My tiny happy tribute to the archetype Brighid, flavored by my own Atheistic Celtic Southern Appalachian brand of spirituality. Come spring! And may the wheel of creative fire spin madly in the hearts of the wild and compassionate children of earth.
Today, I’d like to welcome psychologist and self-help author Robert Duff for a chat about self-management and stress. Hi Robert, and thanks for joining us here! 🙂
What role do you feel creative expression plays in fostering mental health?
I think that it plays a very important role. I often see the world in a yin and yang sort of way – creation and destruction. Often when we are depressed or having other mental health issues, we have to go through a sort of grieving process and we have to allow the life we expected to have (free of these issues) to die. In my opinion, one of the most helpful things for overcoming a loss is to create something new. The definition of creative expression is pretty broad in my book. That could be creating physical art, writing something, or even just cultivating new friendships or hobbies. Continue reading
Let’s talk about maxing out focus. I’ve spent the better part of my adult life studying crime and psychology and the absolute best place to read about this phenomenon is the Persuasion Skills Blackbook: Practical NLP Language Patterns for Getting the Response You Want. Use your new found powers only for good.
Maxing out focus is a term used most often in descriptions of grifting and con artistry. Continue reading
Unless you’re living on Mars, you’re probably aware that things are, in a word, shitty.
Our new “President” (he’s not mine, for the record) has a cabinet that closely resembles one from Borgin and Burkes; complete with tiny grabbing hands, nasty-ass masks to hide behind, and instruments of torture and bigotry. Things are crappy. And they’ll probably get worse. Continue reading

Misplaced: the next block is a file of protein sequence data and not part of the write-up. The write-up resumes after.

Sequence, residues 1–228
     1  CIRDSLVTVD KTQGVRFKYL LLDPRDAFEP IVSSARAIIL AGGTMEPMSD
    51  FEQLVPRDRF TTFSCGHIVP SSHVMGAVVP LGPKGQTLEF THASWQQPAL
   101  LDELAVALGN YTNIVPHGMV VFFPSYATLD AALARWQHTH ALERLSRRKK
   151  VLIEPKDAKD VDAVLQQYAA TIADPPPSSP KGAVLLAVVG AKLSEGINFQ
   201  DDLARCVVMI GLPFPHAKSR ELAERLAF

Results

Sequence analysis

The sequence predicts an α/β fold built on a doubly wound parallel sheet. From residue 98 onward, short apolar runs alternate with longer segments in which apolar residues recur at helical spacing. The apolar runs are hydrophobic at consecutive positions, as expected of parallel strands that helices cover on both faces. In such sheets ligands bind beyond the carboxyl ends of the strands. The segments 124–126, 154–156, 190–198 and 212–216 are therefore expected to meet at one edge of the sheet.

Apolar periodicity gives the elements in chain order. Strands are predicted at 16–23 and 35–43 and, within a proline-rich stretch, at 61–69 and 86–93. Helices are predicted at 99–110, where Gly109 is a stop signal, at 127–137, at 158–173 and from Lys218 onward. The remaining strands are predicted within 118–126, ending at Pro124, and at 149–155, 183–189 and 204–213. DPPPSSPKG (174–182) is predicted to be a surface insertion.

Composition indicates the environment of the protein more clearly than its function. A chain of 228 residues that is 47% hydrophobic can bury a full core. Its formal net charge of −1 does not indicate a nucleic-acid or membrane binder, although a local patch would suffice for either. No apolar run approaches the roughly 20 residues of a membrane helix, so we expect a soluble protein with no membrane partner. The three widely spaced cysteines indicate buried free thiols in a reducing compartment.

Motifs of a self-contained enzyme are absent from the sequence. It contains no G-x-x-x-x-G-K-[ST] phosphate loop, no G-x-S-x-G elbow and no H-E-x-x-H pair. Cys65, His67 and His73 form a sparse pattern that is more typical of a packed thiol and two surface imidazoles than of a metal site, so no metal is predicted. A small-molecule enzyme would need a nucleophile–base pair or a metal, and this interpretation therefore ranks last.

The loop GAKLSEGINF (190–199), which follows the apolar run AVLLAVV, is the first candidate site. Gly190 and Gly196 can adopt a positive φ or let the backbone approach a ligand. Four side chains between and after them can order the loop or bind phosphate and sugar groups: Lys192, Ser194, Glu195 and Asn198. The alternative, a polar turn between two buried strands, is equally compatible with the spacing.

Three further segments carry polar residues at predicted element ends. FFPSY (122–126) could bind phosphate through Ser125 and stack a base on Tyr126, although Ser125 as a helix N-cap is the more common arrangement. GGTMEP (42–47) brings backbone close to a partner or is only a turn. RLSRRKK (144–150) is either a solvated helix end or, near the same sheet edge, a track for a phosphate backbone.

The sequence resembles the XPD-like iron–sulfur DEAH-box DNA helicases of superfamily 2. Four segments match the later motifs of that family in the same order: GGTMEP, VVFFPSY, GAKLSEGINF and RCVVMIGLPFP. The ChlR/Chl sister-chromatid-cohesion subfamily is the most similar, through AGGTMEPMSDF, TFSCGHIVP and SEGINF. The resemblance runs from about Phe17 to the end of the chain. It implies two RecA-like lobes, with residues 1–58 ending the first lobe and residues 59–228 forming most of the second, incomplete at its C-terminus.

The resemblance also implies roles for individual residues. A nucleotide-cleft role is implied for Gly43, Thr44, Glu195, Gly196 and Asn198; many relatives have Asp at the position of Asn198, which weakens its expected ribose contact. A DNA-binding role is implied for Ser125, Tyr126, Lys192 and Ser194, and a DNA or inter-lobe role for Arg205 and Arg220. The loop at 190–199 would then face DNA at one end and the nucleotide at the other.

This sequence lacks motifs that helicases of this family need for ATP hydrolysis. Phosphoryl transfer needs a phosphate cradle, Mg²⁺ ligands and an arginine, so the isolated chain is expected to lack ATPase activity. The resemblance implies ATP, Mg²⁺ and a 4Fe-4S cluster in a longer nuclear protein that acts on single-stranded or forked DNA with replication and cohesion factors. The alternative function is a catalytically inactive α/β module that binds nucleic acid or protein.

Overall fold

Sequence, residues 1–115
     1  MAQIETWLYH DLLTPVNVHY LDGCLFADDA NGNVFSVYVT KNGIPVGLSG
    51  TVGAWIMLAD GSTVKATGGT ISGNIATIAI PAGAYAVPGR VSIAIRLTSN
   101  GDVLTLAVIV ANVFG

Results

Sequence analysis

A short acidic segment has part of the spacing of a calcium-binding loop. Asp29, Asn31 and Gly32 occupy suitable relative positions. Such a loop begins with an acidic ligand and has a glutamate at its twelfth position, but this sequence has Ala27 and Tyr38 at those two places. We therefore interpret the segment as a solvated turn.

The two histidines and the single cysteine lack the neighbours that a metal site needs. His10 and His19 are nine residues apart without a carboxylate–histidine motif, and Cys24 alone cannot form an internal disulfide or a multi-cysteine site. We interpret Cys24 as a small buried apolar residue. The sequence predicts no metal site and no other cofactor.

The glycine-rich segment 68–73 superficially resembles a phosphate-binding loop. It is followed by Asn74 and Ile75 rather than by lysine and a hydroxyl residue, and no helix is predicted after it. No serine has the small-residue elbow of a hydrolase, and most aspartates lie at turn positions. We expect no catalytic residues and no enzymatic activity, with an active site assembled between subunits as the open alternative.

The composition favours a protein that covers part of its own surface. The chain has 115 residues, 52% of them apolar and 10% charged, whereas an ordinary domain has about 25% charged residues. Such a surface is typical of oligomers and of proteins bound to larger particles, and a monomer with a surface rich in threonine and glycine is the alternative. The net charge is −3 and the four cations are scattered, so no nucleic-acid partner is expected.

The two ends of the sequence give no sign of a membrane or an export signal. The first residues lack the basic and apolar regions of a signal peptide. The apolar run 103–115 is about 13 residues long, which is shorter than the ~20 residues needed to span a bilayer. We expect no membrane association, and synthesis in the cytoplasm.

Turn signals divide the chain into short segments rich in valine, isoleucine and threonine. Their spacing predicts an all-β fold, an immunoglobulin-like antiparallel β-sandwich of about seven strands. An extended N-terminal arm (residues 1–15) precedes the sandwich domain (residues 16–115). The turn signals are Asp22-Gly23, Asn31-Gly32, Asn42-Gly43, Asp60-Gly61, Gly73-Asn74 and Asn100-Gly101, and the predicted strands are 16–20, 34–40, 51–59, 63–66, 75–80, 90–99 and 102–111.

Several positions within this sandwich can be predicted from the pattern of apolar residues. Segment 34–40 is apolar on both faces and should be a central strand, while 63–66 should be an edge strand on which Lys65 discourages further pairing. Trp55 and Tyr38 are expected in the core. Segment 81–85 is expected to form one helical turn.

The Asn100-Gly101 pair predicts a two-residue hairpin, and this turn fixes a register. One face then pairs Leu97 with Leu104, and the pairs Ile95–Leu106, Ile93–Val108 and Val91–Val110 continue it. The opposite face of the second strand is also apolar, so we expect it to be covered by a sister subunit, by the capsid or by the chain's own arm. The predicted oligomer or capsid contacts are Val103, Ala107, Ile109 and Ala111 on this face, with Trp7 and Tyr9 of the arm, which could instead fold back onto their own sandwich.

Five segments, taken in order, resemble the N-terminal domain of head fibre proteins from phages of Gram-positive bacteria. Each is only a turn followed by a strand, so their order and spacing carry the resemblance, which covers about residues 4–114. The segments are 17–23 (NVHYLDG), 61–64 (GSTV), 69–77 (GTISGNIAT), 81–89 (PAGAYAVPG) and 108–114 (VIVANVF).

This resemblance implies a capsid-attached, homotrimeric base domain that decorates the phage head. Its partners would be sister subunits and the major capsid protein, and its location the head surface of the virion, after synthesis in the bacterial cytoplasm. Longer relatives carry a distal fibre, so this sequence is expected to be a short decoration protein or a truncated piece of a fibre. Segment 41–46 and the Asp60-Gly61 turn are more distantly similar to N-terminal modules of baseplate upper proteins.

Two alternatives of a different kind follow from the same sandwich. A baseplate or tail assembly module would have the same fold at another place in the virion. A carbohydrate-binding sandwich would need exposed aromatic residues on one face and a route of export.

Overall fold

If, through some heartache
or chemistry of senses,
you find your soul dialed in
to the blissful nuance of cooler wind on cheek
or magnetic call of hills organized by gradient
or the exquisite ennui in a fox call Continue reading
One of my favorite writing exercises for developing a multi-layered character is essentially method acting for writers.
Spend the day as your MC. Ask yourself, “What’s my rationale for this behavior? Given my own headcanon for this character, how will I respond crossing this busy, wet city street? What will I order for lunch? Why? What do I see right now that might trigger a memory or pain in me?” Continue reading
After a few delays (involving the tragic smashing of my laptop and a nasty cold), I am thrilled to introduce you to Emily A. Steward and her debut MG novel, PENELOPE GILBERT AND THE CHILDREN OF AZURE!
So good to chat with you, Emily! Why don’t you tell us one of your favorite childhood books?
It’s difficult to pick one so I’m going to cheat a little bit. I have always LOVED Matilda by Roald Dahl. I also enjoyed The Littles, Goosebumps, and The Boxcar Children. Continue reading